Mark your calendars. Next Tuesday, Apple (NASDAQ:AAPL) will host a press event in San Francisco. "Let's Rock," the invite reads.

What's it mean? The Wall Street Journal refers to lagging growth in the iPod business. "Let's Rock," writes reporter Nick Wingfield, could refer to new music products for Mr. Mac. I think he's right.

Then again, if we know anything about Apple events, it's that we're almost always surprised by what CEO Steve Jobs has to say. After Macworld in January, for example, investors fled when Apple failed to introduce a 3G iPhone at the event. (They'd have to wait till June for that.) A new Apple TV got top billing instead.

And yet ...
So we can't really know what Jobs will say on stage next week. But isn't guessing part of the fun with Apple? Of course it is. Here are my top three predictions:

Prediction # 1: Steve Jobs will be in excellent spirits and good health. Persistent rumors of Jobs's poor health, and even death, have kept Apple's shares low. That has to be tough to swallow -- these are just rumors, after all. And yet there is logic in reporting on Job's health; neither Dell (NASDAQ:DELL), Hewlett-Packard (NYSE:HPQ), nor Microsoft (NASDAQ:MSFT) have as much invested in their leaders.

So far, Apple and Jobs aren't talking. I take that as a sign there's nothing wrong. Mr. Mac's lawyers aren't dumb; they know that concealing their CEOs health issues would invite hundreds of millions in legal claims.

Prediction # 2: Lower prices for the iPod Touch and a refreshed iPod product line. The no-brainer. Ever since Apple convinced AT&T (NYSE:T) to subsidize a portion of the 3G iPhone, lowering its price to $199, we've been waiting for the iEmpire to cut prices on the iPod Touch. At $299 on the low end, the Touch is almost priced for irrelevance.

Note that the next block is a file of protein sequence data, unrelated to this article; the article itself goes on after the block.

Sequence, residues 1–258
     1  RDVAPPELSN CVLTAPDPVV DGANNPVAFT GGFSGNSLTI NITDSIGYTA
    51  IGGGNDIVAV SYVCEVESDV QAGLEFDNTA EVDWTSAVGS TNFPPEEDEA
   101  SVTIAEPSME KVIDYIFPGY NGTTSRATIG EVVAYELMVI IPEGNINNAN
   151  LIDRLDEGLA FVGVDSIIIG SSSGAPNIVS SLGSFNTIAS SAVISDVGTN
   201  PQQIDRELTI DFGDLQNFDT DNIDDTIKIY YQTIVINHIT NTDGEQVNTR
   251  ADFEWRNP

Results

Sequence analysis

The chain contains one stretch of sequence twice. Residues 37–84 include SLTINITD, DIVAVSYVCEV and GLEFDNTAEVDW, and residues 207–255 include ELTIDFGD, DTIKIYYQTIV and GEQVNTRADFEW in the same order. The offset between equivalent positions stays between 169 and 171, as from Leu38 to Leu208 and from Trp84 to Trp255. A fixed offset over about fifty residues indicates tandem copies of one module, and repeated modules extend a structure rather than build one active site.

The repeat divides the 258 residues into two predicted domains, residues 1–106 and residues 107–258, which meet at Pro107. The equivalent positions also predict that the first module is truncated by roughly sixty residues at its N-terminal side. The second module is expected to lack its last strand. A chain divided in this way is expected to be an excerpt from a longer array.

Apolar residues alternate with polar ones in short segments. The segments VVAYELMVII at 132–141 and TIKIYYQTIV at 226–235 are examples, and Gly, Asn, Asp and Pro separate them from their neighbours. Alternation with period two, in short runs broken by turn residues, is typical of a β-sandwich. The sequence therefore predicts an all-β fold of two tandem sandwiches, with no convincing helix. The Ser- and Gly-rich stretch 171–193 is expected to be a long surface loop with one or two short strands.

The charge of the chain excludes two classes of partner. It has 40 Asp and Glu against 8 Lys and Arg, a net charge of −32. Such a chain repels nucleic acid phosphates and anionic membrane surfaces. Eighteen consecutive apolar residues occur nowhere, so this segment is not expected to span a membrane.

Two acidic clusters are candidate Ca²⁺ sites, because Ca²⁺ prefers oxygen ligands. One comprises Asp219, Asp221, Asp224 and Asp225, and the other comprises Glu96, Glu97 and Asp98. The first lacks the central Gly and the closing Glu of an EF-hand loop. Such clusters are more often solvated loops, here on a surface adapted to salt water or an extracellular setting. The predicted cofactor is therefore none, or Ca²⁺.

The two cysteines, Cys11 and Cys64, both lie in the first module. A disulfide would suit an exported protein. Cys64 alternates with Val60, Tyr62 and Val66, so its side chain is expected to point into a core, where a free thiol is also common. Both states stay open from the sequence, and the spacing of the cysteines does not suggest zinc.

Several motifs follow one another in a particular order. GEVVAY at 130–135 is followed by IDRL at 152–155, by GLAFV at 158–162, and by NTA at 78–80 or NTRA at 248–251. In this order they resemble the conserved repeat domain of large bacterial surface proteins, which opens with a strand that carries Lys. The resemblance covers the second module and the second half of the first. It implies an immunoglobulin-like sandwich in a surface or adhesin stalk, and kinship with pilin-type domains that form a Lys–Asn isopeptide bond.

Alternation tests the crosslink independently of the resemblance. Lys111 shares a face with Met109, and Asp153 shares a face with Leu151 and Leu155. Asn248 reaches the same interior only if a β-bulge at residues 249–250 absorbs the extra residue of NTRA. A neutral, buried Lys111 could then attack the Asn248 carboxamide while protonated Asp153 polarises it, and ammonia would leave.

What saves it? Ma Bell, ironically. There's a subset of iGeeks who love the handset but don't love AT&T, creating a picture-perfect market for the Touch. But that may not last. Apple has released a software update for the 3G iPhone that is addressing most connectivity issues, and Ma Bell is too big, and too invested, to not do what it must to keep profitable iPhone customers happy.

Which brings us back to the Touch. There's no market for an antenna-less iPhone that costs more. Apple needs to either (a) reinvent the iPod to create space between it and the iPhone or (b) lower prices. I'm expecting both.

Prediction # 3: Sirius content. The simplest way to boost the iPod's relevance is to add content. The App Store serves that purpose to a degree but Google's (NASDAQ:GOOG) Android Market looks impressive; it could blunt the advantage that the App Store was supposed to create.

Apple therefore has to -- in its own parlance -- think differently. It needs to dream bigger. It needs to tune in Sirius XM (NASDAQ:SIRI). Foolish colleague Rick Munarriz and I have both written about this in the past. The thinking: If the iPod is a disruptor for satellite radio, why not join forces and end the war?

A partnership would be particularly meaningful if the Touch were the platform. It already has a Wi-Fi antenna; would adding a satellite tuner be too much of a burden? I don't think so. (Remember XM2Go?) And even if it were, Apple could create Sirius and XM channels in the style of the YouTube channel the Touch already has. Get your radio feed anytime you're connected to a Wi-Fi hotspot.

Tell me I'm wrong
But those are just three ideas. And, again, Apple has a history of surprising us iGawkers. Think I'm wrong? Have a different take? Share your insights in the comments box below.

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Fool contributor Tim Beyers had positions in Google's shares and 2010 LEAPs at the time of publication. He also hunts for the best of tech as a contributor to Motley Fool Rule Breakers, which counts Google among its holdings. Here's how to try this market-beating service free for 30 days. Get access to all of Tim's Foolish writings here.

Apple is a Stock Advisor selection. Dell and Microsoft are Inside Value picks. The Motley Fool's disclosure policy is waiting till Thursday's big finale to tune into the Republican National Convention.